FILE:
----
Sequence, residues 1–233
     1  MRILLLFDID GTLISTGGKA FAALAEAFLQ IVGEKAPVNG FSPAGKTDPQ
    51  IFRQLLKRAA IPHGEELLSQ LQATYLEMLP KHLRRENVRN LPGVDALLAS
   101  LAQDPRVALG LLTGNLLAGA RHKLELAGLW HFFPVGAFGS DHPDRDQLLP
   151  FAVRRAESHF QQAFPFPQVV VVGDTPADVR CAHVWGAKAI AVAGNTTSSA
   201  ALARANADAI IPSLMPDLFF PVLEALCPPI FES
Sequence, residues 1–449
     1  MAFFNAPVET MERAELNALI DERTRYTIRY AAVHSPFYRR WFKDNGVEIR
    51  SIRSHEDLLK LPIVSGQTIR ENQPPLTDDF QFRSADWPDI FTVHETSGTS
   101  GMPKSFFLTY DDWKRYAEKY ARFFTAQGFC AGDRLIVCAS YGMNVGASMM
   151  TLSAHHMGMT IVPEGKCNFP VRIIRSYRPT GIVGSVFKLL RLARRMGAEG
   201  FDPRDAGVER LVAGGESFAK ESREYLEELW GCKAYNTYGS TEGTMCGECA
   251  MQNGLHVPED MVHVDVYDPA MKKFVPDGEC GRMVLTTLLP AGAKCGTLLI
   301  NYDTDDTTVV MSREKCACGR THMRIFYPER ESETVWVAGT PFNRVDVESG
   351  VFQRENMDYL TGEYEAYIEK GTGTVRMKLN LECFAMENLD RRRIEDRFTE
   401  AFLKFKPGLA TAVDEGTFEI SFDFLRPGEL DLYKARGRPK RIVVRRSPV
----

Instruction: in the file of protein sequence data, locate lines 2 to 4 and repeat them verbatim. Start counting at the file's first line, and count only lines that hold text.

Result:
     1  MRILLLFDID GTLISTGGKA FAALAEAFLQ IVGEKAPVNG FSPAGKTDPQ
    51  IFRQLLKRAA IPHGEELLSQ LQATYLEMLP KHLRRENVRN LPGVDALLAS
   101  LAQDPRVALG LLTGNLLAGA RHKLELAGLW HFFPVGAFGS DHPDRDQLLP